I never participated in the fair because I wanted to win money. I participated in the fair to help fill the shelves and display cases and make the fair successful and fun for everyone and to partake in a little good natured competition with friends and neighbors. I enjoy showing off a brilliant idea for a floral display or the unusual heirloom tomato I grew, or the brilliant colors I selected for that quilt, or the perfect moment I captured in a photograph. I participated with my kids so they could proudly display their popsicle stick frames and poetry and the dragon they made out of vegetables.

William was the last of my family to participate in the fair with me and he finally stopped when he figured out that kids got less premiums than adults did. Not that he was in it for the money either, but it just seemed unfair to him and frankly, it seems unfair to me too. Not that I was terribly annoyed when there were no entry fees, but now the kids pay $1 entry fees the same as the adults, why should their premiums be any less? Do they put less work or effort into their projects? Do we want to give them the message that their efforts are less valuable than ours?

So, if it's going to cost me an exorbitant amount of money on top of everything else I do to participate, it's just not gonna happen for me. And I suspect, particularly this year with the economy being so bad, it's not gonna happen for a lot of other people too. Even in the best years when lots of people were participating, there were maybe a dozen families, including my own, that easily accounted for half the entries in the exhibit halls. I noticed that all of those active families have dropped out over the years and that in itself has reduced the number of items on display. I can only imagine that people with less interest are going to think long and hard before spending money on entry fees to stick a stem of snapdragons in an otherwise empty floral building (no fun to win a blue ribbon when there's no one entered against you), or enter a quilt only to have it folded up and stuck in a basket on the floor where everyone can step on it and no one can enjoy it like they displayed the quilts last year!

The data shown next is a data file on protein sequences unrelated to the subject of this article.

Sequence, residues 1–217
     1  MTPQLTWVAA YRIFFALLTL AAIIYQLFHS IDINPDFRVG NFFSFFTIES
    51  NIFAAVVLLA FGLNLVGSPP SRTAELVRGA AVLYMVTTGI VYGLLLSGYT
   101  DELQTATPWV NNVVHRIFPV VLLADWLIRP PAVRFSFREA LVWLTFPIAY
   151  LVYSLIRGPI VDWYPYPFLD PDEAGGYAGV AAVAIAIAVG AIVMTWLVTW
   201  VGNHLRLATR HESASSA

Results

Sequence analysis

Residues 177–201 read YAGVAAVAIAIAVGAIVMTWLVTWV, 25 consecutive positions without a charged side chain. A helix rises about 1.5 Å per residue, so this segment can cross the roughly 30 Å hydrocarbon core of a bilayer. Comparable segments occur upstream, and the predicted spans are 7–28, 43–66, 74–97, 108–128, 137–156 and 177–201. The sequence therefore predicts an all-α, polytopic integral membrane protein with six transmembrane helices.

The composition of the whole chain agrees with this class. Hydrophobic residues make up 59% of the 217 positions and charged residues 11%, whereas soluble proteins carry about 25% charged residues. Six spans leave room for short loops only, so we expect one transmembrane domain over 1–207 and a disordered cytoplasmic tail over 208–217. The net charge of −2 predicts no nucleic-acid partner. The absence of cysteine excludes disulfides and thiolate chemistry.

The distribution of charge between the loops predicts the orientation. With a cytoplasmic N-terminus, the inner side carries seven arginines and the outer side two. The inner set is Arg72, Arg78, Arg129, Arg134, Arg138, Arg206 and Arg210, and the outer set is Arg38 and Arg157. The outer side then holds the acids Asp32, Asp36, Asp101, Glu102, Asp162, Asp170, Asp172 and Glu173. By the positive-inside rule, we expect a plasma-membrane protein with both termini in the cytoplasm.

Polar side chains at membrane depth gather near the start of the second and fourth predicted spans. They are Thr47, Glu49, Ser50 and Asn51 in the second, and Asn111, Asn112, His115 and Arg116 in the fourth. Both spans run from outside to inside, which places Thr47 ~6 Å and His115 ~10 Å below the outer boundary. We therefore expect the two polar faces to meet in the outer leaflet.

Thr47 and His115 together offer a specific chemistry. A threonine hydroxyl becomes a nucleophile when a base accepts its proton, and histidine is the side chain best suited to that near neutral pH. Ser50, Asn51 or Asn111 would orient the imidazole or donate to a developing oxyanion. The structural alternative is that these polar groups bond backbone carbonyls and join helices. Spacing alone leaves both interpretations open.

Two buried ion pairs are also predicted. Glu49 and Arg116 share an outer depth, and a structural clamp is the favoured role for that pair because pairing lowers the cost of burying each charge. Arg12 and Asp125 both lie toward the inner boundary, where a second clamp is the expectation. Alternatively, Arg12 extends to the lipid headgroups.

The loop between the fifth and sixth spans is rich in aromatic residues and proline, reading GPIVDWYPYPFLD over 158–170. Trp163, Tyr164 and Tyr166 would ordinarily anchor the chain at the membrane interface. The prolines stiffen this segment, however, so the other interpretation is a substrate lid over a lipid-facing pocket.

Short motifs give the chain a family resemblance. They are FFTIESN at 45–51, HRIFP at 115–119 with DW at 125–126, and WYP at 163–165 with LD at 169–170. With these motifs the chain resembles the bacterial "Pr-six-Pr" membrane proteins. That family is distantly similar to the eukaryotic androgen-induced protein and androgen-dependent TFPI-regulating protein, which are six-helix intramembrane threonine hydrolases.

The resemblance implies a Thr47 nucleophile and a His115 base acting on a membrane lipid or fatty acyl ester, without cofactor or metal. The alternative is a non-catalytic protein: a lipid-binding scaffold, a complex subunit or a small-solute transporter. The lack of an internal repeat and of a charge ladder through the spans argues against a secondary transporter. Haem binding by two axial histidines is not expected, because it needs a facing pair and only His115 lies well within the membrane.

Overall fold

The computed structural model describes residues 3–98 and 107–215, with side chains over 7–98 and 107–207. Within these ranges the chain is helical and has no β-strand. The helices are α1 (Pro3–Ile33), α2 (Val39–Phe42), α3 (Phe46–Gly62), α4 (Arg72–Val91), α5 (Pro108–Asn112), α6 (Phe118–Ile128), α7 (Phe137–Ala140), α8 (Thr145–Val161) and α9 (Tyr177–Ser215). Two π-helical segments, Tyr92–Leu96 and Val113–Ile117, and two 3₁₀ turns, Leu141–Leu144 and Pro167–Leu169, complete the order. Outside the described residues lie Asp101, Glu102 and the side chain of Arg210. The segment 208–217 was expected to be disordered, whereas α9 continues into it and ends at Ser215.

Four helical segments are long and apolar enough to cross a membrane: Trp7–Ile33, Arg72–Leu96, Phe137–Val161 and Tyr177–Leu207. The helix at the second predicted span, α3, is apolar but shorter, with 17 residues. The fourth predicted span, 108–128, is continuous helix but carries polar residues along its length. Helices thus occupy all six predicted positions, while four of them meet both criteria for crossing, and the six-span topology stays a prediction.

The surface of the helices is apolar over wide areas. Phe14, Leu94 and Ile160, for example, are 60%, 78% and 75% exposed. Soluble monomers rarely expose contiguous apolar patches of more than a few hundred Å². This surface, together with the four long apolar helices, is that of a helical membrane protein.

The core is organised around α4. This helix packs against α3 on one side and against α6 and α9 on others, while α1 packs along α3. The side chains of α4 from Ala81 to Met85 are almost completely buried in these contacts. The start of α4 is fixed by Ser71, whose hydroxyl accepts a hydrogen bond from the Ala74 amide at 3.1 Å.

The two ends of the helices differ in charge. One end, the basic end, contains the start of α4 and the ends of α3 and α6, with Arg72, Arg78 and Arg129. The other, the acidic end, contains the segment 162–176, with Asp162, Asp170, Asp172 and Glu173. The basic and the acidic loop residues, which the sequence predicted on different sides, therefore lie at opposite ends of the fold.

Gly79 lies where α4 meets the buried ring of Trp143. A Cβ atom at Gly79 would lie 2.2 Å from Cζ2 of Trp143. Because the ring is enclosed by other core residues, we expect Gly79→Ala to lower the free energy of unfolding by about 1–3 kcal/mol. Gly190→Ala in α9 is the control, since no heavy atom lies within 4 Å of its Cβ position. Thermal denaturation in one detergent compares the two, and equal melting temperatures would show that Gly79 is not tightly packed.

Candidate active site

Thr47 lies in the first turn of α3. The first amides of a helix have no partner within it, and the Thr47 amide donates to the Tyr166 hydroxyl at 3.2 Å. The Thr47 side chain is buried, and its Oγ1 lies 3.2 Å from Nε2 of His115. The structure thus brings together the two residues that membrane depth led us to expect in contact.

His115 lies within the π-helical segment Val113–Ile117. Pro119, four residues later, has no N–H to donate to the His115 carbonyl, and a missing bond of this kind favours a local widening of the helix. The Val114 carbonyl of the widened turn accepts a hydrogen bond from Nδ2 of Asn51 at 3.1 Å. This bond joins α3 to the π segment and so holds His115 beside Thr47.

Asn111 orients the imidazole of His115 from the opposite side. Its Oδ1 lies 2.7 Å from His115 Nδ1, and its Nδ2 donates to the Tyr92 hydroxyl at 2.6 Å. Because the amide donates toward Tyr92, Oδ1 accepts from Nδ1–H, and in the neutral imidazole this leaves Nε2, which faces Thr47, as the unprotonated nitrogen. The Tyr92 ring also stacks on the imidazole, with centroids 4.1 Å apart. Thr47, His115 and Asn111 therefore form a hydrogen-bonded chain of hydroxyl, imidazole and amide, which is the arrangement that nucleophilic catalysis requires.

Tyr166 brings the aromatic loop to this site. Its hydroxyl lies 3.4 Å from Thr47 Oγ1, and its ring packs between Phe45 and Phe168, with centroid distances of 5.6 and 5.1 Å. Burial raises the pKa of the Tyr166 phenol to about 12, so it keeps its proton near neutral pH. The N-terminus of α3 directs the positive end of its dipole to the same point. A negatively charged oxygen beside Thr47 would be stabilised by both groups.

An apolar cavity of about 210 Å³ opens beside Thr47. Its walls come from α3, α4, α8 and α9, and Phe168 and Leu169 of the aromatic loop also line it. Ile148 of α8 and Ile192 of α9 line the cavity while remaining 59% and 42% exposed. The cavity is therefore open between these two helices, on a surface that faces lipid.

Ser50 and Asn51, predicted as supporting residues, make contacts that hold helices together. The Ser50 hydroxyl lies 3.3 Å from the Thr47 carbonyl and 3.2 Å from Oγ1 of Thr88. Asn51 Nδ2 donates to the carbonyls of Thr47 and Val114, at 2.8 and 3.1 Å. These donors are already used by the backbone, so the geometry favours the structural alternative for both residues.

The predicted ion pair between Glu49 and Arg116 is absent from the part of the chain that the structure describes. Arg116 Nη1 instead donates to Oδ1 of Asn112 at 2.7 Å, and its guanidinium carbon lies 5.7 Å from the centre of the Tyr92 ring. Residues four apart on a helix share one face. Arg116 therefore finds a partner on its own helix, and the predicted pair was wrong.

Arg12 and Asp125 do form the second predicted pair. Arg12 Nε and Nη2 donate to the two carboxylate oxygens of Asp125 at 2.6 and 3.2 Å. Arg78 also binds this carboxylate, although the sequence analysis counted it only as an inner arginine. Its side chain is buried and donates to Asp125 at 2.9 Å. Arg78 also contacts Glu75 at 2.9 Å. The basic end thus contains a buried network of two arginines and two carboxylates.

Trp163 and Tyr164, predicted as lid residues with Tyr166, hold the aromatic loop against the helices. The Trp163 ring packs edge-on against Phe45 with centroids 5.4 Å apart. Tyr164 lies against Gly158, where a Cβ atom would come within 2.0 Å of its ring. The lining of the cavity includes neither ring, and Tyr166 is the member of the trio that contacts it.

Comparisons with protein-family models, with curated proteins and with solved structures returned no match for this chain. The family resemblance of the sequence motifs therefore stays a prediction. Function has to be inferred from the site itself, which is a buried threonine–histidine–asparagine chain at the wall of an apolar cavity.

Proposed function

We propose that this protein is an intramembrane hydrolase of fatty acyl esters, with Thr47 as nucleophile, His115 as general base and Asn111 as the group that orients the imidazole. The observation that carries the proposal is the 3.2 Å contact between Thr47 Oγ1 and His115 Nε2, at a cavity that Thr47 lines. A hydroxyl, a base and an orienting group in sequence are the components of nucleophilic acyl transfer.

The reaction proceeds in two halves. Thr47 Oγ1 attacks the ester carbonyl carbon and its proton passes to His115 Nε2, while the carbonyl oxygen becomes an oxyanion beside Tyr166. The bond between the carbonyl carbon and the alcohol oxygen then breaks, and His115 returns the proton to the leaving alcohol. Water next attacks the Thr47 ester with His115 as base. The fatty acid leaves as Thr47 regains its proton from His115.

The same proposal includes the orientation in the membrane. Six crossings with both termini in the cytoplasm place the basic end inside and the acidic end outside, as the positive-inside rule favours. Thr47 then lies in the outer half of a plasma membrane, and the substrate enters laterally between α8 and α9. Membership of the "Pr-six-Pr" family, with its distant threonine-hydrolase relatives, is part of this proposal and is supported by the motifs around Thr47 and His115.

Sheesh, I sound bitter, don't I? I guess I still haven't let go of some issues yet. It's sad and hard to watch a tradition that has been such a big part of my life slip away and no longer fit in my life. I'll be going to the fair this year out of morbid curiosity more than anything. Maybe, by making things even more difficult, they're doing me a favor. It makes it easier to let it go.


Blogger Jana said...

I am sad to see an entry fee for the fair this year. I normally enter 4-5 items, so for me it's not too bad. But I see your point when a family enters a large amount. With so few entries as it is, I think the fair is going to lose more entries this year. Last year I didn't enter anything after my items were damaged in 2006.

9:37 PM  
Blogger Jana said...

Thank you for the kind comments about my photos. Rant away, I can relate! Sometimes the going on's in this town make me shake my head in amazement.

I was also sad to see the Tea Room close. My mom used to go there weekly. My daughter and I liked to go too, it was her fun dress up spot!

We probably have bumped into each other here and there. I read that your son plays football at the highschool. He must know my husband, Coach Stanley. Its a small world!!!!

12:11 AM